Making Sense of Poverty in the UK
Who We Are Al-Mizan Charitable Trust is a grant-funder that supports disadvantaged families and deprived communities across the UK, regardless of their faith or cultural background. Although the UK is the seventh richest country in the world, more than 8 million people live in poverty. Families up and down the country are regularly forced to choose between buying food or switching on the heating, paying for travel to the hospital or doing the laundry.
Our goal is to confront disadvantage—we recognise that poverty is not just about food and shelter, but also the inability to access opportunities that break the cycle of disadvantage from one generation to another. We do this by providing grants and interest-free loans of up to £500 to families for housing, training and employment opportunities as well as in-kind donations of food, clothing and toiletries to needy people.
As a Trust, we are continually balancing our funds between immediate need and sustainable investments in people’s lives. Through a measured approach we meet the needs of those in crisis today as well as the aspirations of future generations.
Core Values Accountability: We consider every donation, large or small, to be a pact between us and the donor, which is based on trust and a mutual responsibility to those in need. We scrutinise every expense to ensure that your donation is spent wisely in combating disadvantage, deprivation and poverty. Compassion: We approach every needy person with a sincere desire to better understand the plight of people who are suffering and offer them the best possible support in order to better their circumstances.
Confidentiality: We recognise that asking for help is not easy and we promise to respect anonymity. We never disclose any details concerning anyone’s situation to any third party, without their permission.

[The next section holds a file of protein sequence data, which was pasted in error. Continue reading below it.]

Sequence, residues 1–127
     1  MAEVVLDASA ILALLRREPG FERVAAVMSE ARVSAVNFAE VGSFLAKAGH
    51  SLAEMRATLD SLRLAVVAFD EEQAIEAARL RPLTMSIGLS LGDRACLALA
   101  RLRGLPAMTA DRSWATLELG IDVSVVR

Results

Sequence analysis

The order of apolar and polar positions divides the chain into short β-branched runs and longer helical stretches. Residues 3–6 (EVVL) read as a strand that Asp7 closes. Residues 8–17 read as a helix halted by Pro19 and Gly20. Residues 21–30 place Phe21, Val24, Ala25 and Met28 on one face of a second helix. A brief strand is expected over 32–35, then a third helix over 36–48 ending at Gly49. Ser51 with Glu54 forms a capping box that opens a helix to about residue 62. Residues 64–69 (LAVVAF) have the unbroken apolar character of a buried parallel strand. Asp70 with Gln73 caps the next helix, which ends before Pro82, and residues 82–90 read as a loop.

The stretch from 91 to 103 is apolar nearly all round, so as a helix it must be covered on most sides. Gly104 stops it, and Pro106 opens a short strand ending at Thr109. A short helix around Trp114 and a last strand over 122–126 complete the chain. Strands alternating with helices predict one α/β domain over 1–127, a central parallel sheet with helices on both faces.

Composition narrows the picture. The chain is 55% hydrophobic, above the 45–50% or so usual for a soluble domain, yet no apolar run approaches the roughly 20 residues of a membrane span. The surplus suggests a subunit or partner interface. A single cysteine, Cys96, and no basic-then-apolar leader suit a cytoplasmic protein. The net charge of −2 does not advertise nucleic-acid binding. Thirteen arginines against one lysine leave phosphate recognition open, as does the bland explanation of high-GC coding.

Equality & Fairness: We value the diversity of all humankind and we pledge to ensure that our policies and procedures do not discriminate on any grounds. We invest in the betterment of all society, irrespective of creed, culture or personal circumstances.
Sustainability: We believe in sustainable charitable giving, ensuring that your donation makes a lasting impression on people’s lives.
a s s e M ’s r e d n Fou
Only ten years ago it would have been farcical to speak of hunger in the UK. Today it’s a reality for over 750,000 children who often go to bed on an empty stomach. We are all familiar with high profile stories of famine, war and affliction. With these major disasters we slowly build stereotypical images of what suffering looks like, and indeed, what poverty should look like. It may be difficult to draw parallels between images of malnourished children growing up in a slum village and scruffy children living on an innercity council estate, but there is a common poverty which limits the opportunities and aspirations of these children, continents apart.
It’s not that one poverty is more abject that another, it’s just that their relative poverty appears different in our eyes.
So much of what Al-Mizan Charitable Trust does on a daily basis, challenges our preconception of poverty. Day after day we receive countless stories of extreme hardship, which no one with a compassionate conscience would dare to ignore. Whilst many are accessing specialist welfare services, they are restricted by their financial situation which in turn limits their prospects for the future. Economic stability requires more than personal commitment and self-exertion. It actually costs to break the cycle of poverty.
In this day, we can no longer hold faith in a decapitated welfare system where benefit payments belie the real cost of living. In the last 6 years, the average grocery bill has increased by 25% whereas increases to benefits have staggered far behind. Welfare payments are not a safety net but a token contribution to need, and we, as members of society, now carry additional responsibilities. Al-Mizan Charitable Trust offers us that opportunity—to fulfill our duty to our neighbours and challenge suffering in our own communities. After all, charity begins at home.